But Owens greatest achievement came during the Big Ten meet at Ferry Field in Ann Arbor, Michigan, where he set three world records and tied a fourth record. He equaled the world record for the 100 yard dash at 9. 4 seconds and set world records in the long jump as well as several other competitions where he achieved great success, easily qualifying him for the 1936 Olympics in Berlin, Germany. Upon his arrival in Berlin, Germany, Adolf Hitler used the games to show the world a regenerated Nazi Germany, which he was confident in German athletes to dominate the games and bring in many medals for Germany.

They promoted concepts of Aryan racial superiority and portrayed African Americans as subordinate. Owens shocked many on goers by winning four gold medals in the 100 meter sprint, 200 meter sprint, 4 x 100 men’s relay team, and the long jump in which he defeated German native Luz Long and was photo walking side by side with him and was also given helpful advice. After the games were over, Adolf Hitler only shook hands with German medalists before leaving the stadium. The Olympic committee officials suggested Hitler greet every medalist, but he refused too.

Owens felt that Hitler had a schedule time to meet with athletes and a certain time to leave. He thought it was in bad taste to criticize him in his country. While in Germany, Owens was allowed to stay in hotel rooms with his teammates, but when Owens returns to the United States, it was back to segregation. President Franklin D. Roosevelt failed to meet with Owens and congratulate him on his success in Germany at the Olympic Games, as all champions are greeted when returning home.

It wasn’t until 1955, that President Dwight D. Eisenhower honored Owens by naming him an Ambassador of Sports and in 1976 that he was properly recognized when President Gerald Ford awarded him the Presidential Medal of Freedom. To be honest, there wasn’t much I knew of Jesse Owens prior to watching the film. What I knew was the fact he was a successful track and field athlete and he blossom during an era of segregation and discrimination. I also knew he was highly praised, publicized, and politicized amongst his peers due to the fact he excelled at his given sport of track and field. I choose this bibliography to learn more about Jesse Owens.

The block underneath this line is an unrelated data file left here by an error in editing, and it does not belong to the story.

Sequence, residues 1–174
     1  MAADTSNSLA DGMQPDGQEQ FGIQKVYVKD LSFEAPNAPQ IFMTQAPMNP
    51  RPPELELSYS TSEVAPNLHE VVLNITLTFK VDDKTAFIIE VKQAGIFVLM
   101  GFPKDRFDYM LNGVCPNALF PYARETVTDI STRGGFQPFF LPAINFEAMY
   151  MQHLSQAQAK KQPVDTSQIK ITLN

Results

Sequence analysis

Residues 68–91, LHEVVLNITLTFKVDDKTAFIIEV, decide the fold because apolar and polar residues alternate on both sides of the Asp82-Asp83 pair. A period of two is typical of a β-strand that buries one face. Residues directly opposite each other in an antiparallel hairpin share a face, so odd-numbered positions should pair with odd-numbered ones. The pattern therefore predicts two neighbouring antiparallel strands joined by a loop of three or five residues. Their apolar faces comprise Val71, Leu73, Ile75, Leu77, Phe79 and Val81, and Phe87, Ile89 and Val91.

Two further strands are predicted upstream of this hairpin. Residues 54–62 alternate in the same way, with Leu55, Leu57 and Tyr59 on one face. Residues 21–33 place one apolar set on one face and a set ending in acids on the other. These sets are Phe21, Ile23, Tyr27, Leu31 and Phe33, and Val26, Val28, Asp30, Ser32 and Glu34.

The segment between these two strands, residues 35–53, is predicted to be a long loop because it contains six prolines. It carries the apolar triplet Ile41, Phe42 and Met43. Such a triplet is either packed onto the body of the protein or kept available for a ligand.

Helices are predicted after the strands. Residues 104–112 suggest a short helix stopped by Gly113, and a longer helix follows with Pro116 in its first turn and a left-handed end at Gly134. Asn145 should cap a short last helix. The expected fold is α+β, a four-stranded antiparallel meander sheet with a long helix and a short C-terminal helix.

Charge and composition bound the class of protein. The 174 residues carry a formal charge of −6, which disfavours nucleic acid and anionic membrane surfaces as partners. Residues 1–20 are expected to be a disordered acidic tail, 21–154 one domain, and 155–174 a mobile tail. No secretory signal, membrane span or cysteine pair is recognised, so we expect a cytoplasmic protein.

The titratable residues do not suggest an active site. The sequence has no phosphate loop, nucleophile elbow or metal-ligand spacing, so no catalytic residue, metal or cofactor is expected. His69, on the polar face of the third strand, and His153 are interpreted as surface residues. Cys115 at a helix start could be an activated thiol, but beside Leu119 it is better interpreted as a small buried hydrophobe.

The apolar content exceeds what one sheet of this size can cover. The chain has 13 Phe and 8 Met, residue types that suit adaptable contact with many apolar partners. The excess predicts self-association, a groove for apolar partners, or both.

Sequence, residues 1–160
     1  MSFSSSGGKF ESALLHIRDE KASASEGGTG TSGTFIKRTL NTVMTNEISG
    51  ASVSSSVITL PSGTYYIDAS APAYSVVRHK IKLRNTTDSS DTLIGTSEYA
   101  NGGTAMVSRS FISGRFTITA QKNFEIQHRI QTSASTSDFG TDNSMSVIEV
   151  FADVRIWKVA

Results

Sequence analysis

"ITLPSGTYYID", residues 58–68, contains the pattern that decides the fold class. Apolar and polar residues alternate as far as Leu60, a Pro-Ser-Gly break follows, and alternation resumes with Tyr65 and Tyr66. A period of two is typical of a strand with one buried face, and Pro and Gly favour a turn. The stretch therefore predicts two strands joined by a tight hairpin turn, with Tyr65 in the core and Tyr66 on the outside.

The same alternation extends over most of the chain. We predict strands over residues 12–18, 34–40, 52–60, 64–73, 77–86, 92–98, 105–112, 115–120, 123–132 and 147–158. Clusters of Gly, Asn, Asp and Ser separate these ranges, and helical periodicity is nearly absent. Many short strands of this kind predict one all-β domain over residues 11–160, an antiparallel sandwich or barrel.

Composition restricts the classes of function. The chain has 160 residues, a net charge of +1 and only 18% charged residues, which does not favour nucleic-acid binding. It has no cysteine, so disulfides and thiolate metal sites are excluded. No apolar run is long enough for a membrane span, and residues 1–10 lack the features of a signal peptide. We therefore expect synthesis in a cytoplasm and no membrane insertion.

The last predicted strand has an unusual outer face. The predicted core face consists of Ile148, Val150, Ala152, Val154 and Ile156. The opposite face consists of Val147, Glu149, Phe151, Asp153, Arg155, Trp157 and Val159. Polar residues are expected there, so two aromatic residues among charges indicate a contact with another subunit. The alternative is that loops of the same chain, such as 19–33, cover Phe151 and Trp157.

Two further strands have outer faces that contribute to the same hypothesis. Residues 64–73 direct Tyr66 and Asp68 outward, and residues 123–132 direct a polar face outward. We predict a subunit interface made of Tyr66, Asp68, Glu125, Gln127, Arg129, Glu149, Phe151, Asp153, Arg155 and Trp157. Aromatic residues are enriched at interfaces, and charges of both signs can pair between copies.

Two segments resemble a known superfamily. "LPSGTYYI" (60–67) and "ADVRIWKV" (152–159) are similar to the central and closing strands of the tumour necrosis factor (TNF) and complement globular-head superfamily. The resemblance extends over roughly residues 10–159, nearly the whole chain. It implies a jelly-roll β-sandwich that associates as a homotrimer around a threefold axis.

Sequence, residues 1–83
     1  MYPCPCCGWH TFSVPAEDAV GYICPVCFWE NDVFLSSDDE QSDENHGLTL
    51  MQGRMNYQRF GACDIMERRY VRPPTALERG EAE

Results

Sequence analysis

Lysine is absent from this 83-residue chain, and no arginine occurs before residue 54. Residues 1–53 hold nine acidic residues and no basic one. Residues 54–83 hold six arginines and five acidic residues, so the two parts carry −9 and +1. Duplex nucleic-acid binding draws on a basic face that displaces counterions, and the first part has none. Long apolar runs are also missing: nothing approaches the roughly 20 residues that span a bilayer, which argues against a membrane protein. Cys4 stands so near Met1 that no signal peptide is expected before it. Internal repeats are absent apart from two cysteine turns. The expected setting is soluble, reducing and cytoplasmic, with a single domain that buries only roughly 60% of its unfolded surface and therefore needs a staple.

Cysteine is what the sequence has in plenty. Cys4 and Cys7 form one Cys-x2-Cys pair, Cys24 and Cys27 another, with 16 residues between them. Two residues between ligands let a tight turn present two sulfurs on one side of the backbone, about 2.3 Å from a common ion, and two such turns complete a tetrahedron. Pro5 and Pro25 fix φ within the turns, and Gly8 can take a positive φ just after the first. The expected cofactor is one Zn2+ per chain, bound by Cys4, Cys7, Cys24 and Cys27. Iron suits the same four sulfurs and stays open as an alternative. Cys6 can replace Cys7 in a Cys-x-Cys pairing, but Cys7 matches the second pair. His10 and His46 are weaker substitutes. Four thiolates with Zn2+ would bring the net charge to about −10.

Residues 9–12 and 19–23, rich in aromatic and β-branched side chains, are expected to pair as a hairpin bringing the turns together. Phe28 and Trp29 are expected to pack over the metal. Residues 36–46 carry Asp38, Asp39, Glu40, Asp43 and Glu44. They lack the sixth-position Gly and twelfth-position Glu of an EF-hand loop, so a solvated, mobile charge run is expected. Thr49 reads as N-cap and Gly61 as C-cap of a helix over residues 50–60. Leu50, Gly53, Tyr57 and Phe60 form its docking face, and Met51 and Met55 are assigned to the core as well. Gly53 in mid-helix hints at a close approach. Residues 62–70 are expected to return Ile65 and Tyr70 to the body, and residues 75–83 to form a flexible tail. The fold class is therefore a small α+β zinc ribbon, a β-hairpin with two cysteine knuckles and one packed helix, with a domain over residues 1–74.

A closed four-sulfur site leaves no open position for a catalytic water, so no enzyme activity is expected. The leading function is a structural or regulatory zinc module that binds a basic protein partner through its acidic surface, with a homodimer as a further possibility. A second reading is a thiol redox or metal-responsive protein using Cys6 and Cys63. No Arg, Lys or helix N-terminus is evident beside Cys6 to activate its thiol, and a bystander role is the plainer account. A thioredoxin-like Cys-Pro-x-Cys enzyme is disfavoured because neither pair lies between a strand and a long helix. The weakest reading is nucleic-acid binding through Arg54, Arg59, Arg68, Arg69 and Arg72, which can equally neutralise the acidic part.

His rises to success as well as his hardships throughout his lifetime. It was interesting to me because Jesse Owens was optimistic about changing the way American view African Americans by achieving his goals and working relentlessly to support his family and his dreams. What I learned from watching this film was how hatful Adolf Hitler was towards African Americans, and how he didn’t want to properly congratulate Jesse Owens for his achievements, instead waved at him from a distance and how Jesse Owens wasn’t giving his respect from the President at the time, which was Franklin D. Roosevelt, and wasn’t allowed at the White House to be honored.

I would recommend this bibliography film because it gives insight on how far we have come as a country and how we have fought to break those barriers of racism and discrimination. Jesse Owens wanted to be respected as an American athlete and it was an honor that came later in his life.